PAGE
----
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Listing Recursively With .rglob()

00:00 In this lesson, you’ll learn about recursively listing with .rglob().

00:05 To understand recursive listing, it is a good idea to first familiarize yourself with the structure of directories. Directories are often compared with trees because of their recursive nature. In trees, the main trunk splits into various main branches.

00:19 Each main branch splits off into sub-branches, and sub-branches can continue to split off into further sub-branches on and on. If you take a look at the desktop directory, you can see the main trunk is Desktop.

00:35 To make this lesson more interesting, I added a bunch of files and folders to my desktop and its sub-directories. Desktop splits off into the main branches: Notes, realpython, scripts, and todo. Some of those main branches split off further.

00:50 Notes contains the sub-branch hash-tables. realpython contains two sub-branches: with iterate_dict and tictactoe. Scripts has two sub-branches as well, with rename_files and requests, and then todo doesn’t split any further.

01:06 Now that you familiarized yourself a bit with the directory structure, you can see how to recursively list with .rglob(). .rglob() is a method provided by the Path object in the pathlib.Path module.

01:17 .rglob() recursively searches for files that match a specified pattern in the current directory and all sub-directories. Using .rglob(), you can return absolutely everything.

01:29 You can try this out now.

01:32 Make sure you have import=pathlib at the top and assign the desktop variable to your desired path. To get started with the .rglob() method, start by typing desktop

01:44 .rglob() with parentheses. The .rglob() method expects at least one argument to match against. In this case, you want to recursively search for all files and directories within the desktop directory.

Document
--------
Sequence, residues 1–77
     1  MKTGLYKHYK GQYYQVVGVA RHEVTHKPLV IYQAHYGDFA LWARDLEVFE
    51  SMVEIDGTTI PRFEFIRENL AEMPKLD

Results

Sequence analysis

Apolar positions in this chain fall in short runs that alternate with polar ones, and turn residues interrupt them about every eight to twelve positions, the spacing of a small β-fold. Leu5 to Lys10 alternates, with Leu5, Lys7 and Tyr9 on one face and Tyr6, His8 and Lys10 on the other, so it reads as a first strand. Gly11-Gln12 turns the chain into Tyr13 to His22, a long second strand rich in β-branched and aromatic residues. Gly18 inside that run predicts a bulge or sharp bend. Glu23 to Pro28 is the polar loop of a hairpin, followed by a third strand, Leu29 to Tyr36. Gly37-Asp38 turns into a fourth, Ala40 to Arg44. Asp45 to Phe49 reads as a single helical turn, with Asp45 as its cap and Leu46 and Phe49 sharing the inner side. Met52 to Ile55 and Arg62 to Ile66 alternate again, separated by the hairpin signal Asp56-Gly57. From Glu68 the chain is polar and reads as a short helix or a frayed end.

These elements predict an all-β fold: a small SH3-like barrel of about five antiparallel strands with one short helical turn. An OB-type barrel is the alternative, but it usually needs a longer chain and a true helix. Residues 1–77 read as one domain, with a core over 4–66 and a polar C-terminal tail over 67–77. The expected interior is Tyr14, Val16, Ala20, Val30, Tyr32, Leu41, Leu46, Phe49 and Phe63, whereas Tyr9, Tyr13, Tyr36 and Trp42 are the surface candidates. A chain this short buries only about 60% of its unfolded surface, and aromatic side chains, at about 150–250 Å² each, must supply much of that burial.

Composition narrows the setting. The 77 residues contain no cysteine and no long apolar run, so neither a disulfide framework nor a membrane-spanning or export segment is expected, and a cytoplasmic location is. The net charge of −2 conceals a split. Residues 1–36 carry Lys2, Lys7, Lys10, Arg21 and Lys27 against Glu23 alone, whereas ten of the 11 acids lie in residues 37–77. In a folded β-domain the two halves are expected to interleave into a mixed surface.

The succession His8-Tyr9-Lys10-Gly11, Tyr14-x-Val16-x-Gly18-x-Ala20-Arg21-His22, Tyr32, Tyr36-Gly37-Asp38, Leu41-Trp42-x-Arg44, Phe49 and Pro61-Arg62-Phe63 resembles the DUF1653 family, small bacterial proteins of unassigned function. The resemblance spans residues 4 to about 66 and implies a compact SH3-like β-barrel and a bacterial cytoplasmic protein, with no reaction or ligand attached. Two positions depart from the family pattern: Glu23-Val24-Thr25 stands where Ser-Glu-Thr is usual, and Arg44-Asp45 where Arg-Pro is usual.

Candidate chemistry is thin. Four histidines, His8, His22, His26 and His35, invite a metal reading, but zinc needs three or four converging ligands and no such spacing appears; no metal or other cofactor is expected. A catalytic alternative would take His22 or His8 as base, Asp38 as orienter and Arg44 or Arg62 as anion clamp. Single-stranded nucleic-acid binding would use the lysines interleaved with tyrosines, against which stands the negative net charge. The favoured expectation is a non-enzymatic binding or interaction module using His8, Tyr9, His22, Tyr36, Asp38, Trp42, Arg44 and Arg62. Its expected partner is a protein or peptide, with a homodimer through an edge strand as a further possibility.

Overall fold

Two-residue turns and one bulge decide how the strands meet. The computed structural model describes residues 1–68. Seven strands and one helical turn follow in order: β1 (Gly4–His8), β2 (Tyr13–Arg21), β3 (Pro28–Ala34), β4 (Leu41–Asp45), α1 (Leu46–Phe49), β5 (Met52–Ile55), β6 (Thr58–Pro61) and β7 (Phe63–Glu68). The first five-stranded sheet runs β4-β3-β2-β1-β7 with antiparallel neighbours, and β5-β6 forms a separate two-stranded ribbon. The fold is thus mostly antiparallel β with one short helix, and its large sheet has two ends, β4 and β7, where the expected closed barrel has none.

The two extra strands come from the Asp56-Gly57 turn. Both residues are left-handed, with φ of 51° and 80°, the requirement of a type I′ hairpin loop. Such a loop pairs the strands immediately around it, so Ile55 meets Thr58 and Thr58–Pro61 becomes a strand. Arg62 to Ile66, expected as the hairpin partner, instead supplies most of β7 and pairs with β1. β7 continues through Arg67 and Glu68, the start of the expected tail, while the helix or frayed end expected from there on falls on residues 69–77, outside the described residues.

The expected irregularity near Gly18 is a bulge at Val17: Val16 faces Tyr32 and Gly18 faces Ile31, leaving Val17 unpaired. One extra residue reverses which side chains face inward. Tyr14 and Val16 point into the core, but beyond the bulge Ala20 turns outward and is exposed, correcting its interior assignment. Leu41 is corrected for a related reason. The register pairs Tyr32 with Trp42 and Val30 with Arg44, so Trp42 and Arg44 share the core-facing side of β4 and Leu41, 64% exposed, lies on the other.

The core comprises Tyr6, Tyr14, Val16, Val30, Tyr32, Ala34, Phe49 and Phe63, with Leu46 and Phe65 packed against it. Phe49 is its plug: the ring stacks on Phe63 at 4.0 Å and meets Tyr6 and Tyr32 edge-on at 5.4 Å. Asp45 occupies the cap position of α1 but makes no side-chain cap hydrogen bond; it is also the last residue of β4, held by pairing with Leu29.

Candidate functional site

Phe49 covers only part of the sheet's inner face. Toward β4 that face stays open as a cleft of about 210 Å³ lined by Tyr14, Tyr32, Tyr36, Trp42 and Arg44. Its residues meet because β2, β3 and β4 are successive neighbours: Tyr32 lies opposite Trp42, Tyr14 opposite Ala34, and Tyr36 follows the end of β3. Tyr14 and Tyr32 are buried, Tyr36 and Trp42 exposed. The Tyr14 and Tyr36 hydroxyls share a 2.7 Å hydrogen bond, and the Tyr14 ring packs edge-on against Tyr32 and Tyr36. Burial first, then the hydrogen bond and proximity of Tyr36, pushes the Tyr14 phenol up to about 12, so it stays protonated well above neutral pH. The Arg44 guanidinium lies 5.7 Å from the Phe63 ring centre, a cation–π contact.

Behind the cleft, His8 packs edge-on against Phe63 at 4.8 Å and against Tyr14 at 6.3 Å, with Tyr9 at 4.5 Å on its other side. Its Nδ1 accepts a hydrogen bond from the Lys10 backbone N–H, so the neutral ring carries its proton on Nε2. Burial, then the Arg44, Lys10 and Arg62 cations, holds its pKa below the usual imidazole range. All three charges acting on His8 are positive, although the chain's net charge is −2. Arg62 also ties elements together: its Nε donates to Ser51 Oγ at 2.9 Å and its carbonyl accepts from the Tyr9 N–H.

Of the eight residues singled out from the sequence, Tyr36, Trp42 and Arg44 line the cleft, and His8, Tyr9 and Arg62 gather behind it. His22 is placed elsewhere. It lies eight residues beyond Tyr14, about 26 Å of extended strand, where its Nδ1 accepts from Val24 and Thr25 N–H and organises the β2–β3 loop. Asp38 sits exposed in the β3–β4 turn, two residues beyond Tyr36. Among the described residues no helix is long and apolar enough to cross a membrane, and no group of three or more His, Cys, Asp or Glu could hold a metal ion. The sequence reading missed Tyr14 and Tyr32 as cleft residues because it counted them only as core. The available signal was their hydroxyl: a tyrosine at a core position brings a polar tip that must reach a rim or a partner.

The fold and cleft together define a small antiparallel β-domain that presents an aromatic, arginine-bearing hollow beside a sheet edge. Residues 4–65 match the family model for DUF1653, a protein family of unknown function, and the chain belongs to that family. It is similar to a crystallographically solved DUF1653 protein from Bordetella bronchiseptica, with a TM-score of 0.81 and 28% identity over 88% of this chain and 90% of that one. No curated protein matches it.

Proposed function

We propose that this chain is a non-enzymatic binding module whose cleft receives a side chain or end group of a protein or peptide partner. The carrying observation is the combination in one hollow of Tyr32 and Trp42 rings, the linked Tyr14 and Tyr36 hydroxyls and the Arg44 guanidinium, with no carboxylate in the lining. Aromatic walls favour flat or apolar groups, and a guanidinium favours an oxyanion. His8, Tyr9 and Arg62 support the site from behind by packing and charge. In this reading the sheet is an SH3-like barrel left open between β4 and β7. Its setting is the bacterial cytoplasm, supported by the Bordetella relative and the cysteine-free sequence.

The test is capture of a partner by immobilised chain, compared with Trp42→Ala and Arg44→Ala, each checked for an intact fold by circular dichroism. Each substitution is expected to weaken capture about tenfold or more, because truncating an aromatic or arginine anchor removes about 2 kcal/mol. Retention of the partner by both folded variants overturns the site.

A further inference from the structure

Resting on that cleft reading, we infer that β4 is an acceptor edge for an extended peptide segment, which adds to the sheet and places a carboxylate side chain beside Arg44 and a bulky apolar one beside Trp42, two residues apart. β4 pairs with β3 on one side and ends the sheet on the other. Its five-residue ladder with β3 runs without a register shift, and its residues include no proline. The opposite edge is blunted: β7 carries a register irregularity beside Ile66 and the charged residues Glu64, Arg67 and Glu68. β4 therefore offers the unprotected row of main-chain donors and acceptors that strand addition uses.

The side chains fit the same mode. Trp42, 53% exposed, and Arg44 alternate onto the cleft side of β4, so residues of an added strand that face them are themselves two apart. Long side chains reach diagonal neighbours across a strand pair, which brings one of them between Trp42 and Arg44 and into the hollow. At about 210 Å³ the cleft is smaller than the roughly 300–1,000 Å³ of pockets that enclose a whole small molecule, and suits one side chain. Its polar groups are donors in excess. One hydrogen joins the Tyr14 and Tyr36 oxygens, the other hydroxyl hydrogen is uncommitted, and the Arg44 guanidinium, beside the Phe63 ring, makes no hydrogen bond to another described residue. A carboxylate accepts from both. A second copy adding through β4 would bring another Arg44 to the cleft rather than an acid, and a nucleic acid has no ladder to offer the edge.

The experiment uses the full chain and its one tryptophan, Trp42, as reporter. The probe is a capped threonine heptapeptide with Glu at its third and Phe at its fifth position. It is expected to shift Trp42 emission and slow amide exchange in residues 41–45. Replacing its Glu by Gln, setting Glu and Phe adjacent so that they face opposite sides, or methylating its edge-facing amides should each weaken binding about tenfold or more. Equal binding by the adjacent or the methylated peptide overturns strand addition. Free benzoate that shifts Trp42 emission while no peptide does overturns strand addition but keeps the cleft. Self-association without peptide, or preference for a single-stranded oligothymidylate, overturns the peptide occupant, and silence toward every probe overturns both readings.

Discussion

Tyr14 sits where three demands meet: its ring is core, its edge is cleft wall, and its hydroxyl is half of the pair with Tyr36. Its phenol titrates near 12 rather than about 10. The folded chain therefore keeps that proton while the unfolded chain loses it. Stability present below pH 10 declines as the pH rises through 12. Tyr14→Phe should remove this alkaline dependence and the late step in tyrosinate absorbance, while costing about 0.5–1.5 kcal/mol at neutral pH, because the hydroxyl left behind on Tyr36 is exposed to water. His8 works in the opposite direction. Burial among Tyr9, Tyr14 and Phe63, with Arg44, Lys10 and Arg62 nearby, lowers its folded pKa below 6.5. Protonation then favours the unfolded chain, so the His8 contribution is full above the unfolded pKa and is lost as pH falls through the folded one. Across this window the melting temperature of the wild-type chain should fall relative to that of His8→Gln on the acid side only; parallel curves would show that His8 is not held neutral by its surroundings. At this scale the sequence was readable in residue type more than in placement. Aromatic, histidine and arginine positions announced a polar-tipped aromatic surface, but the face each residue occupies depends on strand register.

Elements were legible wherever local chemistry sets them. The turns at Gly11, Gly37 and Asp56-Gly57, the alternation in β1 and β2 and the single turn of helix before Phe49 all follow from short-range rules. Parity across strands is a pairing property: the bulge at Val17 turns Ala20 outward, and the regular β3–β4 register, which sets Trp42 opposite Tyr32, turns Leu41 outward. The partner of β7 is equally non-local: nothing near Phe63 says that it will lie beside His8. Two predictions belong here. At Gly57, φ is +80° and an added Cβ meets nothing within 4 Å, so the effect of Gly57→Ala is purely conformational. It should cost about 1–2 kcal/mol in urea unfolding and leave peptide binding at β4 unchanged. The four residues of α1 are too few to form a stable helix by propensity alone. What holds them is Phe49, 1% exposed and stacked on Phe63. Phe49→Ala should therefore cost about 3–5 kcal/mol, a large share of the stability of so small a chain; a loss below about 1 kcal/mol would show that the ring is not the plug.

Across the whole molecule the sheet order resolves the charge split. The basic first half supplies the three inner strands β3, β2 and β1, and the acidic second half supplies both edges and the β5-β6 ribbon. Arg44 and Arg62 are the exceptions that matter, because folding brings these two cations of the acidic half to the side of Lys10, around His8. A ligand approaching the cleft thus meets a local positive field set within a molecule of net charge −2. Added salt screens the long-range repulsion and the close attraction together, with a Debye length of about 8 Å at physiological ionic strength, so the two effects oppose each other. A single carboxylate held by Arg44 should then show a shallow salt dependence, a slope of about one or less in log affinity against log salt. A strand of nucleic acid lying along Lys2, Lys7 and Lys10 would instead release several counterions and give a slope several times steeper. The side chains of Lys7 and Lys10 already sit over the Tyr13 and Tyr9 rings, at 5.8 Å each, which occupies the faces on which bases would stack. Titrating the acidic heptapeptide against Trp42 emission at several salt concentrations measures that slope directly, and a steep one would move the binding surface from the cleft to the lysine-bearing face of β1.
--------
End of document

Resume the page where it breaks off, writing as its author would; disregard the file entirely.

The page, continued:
01:57 To do this, you can add the pattern of a single asterisk between two double quotes within the parentheses of .rglob(). So make sure you’re inside .rglob() and to pass in the argument you do two quotes and inside of those quotes a single asterisk.

02:13 This pattern signifies that all files and directories should be returned. If you hit Enter, this will return a generator object yielding path objects corresponding to the files and directories found.

02:25 You may recall from the previous lesson, you can wrap a list constructor around the generator to materialize the items. So type list(desktop.rglob('*')), and then within the parentheses double quotes, and inside those quotes, the single asterisk and then close that off with the remaining parenthesis.

02:49 Now hit Enter and you can see all the files and folders were returned recursively. For example, not only will you get back the main branches such as Notes, realpython and scripts, but you get each of their sub-branches now too, such as hash-tables, iterate-dict, and tictactoe.

03:07 You might be wondering more about the asterisk argument and what other patterns may be available to you. In the next lesson, you look into glob patterns and see how you can do more than just list all items in a directory.

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